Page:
MATERIALS AND METHODS
Cell lines and culture conditions

Human embryonal kidney cells transformed by introducing sheared fragments of Ad5 DNA (293 cell) and human liver cancer cell line SMMC7721 were obtained from the Key Laboratory of Infective Diseases under Ministry of Public Health (Zhejiang University), normal human fibroblasts (NHFB) from normal human bone marrow were cultured; Cells were grown in RPMI 1640 medium supplemented with 10% fetal calf serum (NHFB with 20% fetal calf serum) in a 5% CO2 atmosphere at 37 °C.

Adenoviral vectors

Adenoviral vectors Ad/GT-Bax, Ad/GT-LacZ and Ad/PGK-GV16 were constructed as described previously[9,10]. Ad/GT-TRAIL, an adenoviral vector expressing TRAIL, was also constructed as described previously[9]. Amplification, titration, and quality analysis of all of the vectors were performed as described previously[9,10]. The titer determined by the absorbency of dissociated viruses at A260 nm (one A260 nm unit = 1012 viral particles/ml) was used in the study, whereas the titers determined by plaque assay were used as additive information.

Transgene expression of TRAIL

As determined in preliminary experiments, cells were coinfected with Ad/GT-TRAIL or Ad/GT-LacZ and Ad/ PGK-GV16 at a ratio of 1:1. The optimal MOI was determined by infecting each cell line with Ad/GT-LacZ + Ad/PGK-GV16 and the expression of β-galactosidase was assessed via X-gal staining. The MOI that resulted in > 80% of blue stained cells were used in this experiment. These MOI were 1000 particles for SMMC7721 and NHFB. Unless otherwise specified, Ad/ GT-LacZ and Ad/PGK-GV16 were used as the vector control for Ad/GT-TRAIL and Ad/PGK-GV16. Ad/GT-Bax and Ad/ PGK-GV16 were used as the positive control. Cells treated with PBS only were used as a blank control.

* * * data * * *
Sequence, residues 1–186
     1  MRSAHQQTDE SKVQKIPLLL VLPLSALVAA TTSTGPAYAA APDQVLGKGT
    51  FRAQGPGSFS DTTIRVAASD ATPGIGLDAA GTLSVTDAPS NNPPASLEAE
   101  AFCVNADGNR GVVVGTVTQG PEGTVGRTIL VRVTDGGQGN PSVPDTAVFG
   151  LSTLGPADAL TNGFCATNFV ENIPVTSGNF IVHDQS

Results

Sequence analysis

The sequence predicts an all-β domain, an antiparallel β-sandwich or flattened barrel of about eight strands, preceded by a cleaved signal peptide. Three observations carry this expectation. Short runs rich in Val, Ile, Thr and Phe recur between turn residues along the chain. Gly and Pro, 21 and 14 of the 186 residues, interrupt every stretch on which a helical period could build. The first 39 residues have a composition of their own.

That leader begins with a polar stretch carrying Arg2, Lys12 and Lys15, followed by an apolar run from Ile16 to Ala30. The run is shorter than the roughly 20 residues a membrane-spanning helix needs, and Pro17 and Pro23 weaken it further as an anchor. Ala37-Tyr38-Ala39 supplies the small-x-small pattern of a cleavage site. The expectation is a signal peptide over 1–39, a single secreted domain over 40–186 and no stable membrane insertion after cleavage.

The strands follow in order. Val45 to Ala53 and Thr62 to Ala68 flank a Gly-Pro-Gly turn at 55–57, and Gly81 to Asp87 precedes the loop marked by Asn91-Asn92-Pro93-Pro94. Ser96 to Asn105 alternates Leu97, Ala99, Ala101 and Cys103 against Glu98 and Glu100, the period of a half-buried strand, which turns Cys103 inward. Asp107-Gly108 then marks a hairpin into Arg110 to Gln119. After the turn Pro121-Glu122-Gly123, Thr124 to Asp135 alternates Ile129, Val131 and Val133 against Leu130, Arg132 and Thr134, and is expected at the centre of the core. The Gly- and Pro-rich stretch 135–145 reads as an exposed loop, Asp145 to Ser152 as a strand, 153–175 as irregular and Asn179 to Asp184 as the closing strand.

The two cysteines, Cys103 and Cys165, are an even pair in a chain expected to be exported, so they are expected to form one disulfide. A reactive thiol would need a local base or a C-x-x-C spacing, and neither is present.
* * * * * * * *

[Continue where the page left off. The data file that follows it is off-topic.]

1 × 106 SMMC7721 cells were plated on 6-well plates and infected with Ad/GT-TRAIL + Ad/PGK-GV16 or Ad/GT-LacZ + Ad/PGK-GV16. Forty-eight hours after infection, the cells were harvested and washed in PBS. RNA was extracted from the cells using Trizol reagent (Life Technology Inc.) and reversely transcribed to cDNA. The PCR conditions for cDNA amplification were 35 cycles of at 95 °C for 45 s, at 58 °C for 45 s, at 72 °C for 45 s, forward primer: 5’-AGA CCT GCG TGC TGA TCG TG-3’, and reverse primer: 5’-TTA TTT TGC GGC CCA GAG CC-3’. The PCR products were separated in a 10 g/L agarose gel and visualized by ethidium bromide staining.

Cell viability